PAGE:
Wealth Management and Private Banking

10 June 2021

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Expert: George Milling-Stanley, Chief Gold Strategist, State Street Global Advisors, Facilitator: Caroline Burkart, Aon Client Insight


I first wrote about gold in 1972. It’s now coming up to 50 years since Richard Nixon closed the gold window – the ability for investors to exchange their gold assets for dollars directly. This essentially ended the link between gold and currencies. Prior to this time, gold was essentially money, there was of course the gold standard where currencies needed to be backed 1:1 with stores of gold. The direct relationship between gold and money was severed by Nixon 50y ago.

This created a free market for gold and over the past 50y, gold has delivered capital appreciation equivalent to 8% per year. In 2021 it has not delivered on its potential, but gold performs a 2-fold function; reduces risk and enhances return.Very interested to hear what attracts you to gold, and what turns you off.

Macro outlook – lots of focus on IRs, especially at the long end. Hard to believe we really understand the relationship between gold and interest rates. Does monetary tightening marry with a falling price of gold – no, not really. This tells us that there is a great deal that drives the price of gold – it’s not just an IR response.

Commodity cycles and gold demand – many different drives of price and whatever is dominant, changes all the time and at different times.
Looking at supply and demand fundamentals – China was the first country to suffer from COVID and the first to respond – as such the E markets are coming out of the crisis, far faster than the western world. With this comes more buying of gold, demand for gold jewellery is through the roof. Supply of course was disruptive, but not so much in the case of gold.

Market sentiment – since 2008, investors have been unable to rely on FI to hedge against equity weakness. So, Gold has stepped in to do some of the things that gold was there to do.

Biden administration is planning to reboot the economy, major reform of healthcare and a major reform of climate change – coming against the covid backdrop, this will likely lead to higher debt, $ depreciation, deflation – Gold has responded favourably when there has been sustained weakening of the USD. Any dollar softening could be good for the gold price.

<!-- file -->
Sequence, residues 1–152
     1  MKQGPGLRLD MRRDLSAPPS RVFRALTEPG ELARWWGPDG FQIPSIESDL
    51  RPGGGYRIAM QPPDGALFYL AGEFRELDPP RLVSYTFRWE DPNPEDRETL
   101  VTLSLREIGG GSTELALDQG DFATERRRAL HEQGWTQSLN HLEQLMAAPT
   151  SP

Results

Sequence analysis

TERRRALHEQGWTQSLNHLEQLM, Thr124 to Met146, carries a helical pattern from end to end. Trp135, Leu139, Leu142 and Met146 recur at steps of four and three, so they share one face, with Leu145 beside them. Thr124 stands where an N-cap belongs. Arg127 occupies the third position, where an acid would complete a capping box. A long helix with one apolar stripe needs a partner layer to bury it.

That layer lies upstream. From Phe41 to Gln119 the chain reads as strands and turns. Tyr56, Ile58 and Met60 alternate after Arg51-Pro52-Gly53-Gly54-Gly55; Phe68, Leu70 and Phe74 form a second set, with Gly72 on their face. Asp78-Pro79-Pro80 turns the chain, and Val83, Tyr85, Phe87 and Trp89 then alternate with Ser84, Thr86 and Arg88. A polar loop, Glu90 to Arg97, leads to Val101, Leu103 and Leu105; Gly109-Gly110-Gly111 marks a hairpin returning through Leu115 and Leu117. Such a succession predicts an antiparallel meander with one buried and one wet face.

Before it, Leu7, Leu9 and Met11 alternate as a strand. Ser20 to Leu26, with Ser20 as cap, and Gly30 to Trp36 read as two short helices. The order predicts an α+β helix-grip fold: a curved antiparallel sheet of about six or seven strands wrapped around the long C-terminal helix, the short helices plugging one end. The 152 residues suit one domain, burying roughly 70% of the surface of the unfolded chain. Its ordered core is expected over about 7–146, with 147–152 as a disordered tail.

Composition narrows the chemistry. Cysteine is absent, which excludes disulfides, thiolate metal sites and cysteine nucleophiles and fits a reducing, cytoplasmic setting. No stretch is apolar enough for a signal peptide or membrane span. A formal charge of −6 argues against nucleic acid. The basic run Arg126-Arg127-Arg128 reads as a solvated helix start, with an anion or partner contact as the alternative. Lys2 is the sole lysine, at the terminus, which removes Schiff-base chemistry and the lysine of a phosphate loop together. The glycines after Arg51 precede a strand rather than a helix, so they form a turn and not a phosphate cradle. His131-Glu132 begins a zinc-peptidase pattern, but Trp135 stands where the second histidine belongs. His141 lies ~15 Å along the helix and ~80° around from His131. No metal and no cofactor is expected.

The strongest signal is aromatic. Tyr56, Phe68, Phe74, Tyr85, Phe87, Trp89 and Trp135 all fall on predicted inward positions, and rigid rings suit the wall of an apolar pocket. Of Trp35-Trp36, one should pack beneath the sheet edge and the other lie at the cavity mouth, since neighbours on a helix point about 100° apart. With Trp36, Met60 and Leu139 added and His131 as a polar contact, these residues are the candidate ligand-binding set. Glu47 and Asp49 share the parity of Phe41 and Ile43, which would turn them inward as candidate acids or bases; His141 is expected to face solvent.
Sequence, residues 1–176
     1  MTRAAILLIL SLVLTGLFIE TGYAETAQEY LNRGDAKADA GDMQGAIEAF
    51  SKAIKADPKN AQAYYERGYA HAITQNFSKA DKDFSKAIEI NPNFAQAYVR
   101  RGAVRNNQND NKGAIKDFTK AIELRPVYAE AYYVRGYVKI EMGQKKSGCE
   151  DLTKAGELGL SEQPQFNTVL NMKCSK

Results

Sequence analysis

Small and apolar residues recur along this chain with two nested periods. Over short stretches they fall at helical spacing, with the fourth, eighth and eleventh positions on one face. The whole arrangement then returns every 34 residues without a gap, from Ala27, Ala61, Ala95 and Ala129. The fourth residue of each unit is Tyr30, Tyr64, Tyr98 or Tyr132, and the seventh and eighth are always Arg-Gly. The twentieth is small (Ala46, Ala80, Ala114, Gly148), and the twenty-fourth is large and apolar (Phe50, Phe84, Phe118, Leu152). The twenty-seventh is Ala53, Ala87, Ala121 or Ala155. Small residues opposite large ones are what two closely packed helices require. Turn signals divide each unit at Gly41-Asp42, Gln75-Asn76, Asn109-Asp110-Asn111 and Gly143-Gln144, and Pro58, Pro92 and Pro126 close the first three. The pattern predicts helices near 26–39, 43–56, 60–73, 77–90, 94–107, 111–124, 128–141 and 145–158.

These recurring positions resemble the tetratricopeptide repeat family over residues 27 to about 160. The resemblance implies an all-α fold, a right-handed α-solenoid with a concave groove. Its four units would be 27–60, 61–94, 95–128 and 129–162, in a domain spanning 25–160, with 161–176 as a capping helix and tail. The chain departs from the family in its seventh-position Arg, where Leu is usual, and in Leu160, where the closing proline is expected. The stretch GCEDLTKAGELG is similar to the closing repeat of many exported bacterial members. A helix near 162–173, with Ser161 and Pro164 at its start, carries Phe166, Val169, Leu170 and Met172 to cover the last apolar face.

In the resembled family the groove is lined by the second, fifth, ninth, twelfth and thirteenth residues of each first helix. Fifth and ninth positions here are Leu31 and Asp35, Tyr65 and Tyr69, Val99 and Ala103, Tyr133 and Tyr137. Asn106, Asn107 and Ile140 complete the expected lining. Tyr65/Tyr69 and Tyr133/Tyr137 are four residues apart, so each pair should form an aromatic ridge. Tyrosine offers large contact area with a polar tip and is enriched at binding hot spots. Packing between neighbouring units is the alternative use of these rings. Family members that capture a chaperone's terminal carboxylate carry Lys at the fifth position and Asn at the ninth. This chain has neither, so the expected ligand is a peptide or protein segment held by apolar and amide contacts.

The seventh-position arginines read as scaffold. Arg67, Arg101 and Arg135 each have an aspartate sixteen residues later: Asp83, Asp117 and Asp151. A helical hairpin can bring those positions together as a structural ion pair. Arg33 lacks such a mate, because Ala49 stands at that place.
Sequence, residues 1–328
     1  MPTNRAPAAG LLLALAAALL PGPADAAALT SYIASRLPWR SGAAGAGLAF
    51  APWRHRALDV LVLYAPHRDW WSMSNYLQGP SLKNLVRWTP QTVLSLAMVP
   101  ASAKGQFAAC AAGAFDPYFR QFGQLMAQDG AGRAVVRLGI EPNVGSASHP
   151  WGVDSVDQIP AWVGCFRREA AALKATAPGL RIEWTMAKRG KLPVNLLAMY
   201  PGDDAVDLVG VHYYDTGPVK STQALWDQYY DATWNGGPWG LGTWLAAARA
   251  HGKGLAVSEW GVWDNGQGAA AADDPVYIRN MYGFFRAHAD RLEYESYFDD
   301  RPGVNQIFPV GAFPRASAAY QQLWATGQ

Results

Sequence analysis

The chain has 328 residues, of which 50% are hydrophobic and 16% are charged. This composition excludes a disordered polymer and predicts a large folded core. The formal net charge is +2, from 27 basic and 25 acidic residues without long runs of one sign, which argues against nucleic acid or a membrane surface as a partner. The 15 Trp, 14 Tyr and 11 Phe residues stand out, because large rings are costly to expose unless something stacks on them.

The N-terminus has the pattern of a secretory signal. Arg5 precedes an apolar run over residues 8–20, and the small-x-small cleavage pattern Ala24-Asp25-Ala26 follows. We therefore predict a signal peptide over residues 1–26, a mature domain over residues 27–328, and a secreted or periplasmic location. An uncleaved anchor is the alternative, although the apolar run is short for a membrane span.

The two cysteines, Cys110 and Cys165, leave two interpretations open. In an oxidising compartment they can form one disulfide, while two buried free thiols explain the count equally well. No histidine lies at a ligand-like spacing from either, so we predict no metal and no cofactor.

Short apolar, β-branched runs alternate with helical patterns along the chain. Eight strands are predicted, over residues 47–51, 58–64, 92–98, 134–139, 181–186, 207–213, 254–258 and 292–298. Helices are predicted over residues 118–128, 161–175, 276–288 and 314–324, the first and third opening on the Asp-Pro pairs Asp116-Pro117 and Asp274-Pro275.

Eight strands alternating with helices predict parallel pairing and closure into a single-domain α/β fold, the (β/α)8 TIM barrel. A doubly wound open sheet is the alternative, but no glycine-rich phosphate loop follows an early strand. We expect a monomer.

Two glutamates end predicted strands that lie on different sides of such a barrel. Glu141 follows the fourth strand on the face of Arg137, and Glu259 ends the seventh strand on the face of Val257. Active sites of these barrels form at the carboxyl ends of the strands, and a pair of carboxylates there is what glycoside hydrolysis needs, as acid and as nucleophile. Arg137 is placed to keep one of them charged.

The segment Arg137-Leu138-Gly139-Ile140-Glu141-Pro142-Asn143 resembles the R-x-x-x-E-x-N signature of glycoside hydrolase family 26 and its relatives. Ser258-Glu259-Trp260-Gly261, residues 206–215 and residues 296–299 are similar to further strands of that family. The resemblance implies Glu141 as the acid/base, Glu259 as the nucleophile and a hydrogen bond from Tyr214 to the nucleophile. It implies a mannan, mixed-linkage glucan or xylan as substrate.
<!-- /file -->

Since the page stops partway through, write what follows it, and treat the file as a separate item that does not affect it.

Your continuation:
Q & A Discussion:

1. Gold performance is often explained in terms of real yields, but currently its correlated to US treasury yields.

Agree absolutely with this, certainly in 2021, not necessarily since COVID. Investors always want something to hang their hats on. Excessive focus on these treasury rates in my view – not sure this will become a correlation.

China has been building gold reserves for the last 20y, doing so quite quietly. China doesn’t like the USD. The see the USD as the dominant currency, so Chinese are taking the long view that at some point they will see significant USD depreciation so they want to own other assets -2/3 of its assets are in USD denominated assets. They are trying to emulate other western economies.

2. Chinese don’t seem to like the idea of a stronger RMB, yet we are talking about USD weakening and RMB becoming more dominant – how do we square that circle.

This reflects ambivalence amongst policy makers in China – they do like it strengthening when it symbolises China, but not when it impacts exports. Flip flopping between what they want their currency to do – not convinced the Chinese have even squared that circle.

3. So how do we trade this then? Presumably you will say to buy gold?

At this stage I would not be investing in RMB, but the notion of buying gold is probably not a bad idea. A good mix of asset argument at a minimum could be made with gold in a portfolio.

60/40 portfolios – time to stop talking about them and to look at proper globally diverse ones. Even a 2% allocation to gold will reduce risk and increase returns. Up this to a 10% allocation and it was an optimal gold allocation.

4. How often do you change your gold allocation?

Used to be a gold trader, but not a very good one. Personally, I bought a handful of gold coins back in the 70s and dabble on a quarterly basis since. I have a strategic allocation of about 5%. I have also gone all in on my 15% allocation in 2019 and am happy with that allocation now. But you can never get it right. But I won’t be reducing my allocation at the current levels. I do however have a trailing stop loss at $1600. 

5. Any view on silver?

Lots of misunderstanding about silver in the US, less so in Europe. The two metals are extremely different though and are driven by very different factors. Silver is a much more industrial metal vs Gold. There are of course odd speculative flurries, but silvers fortunes are governed much more by GDP growth, due to its industrial nature.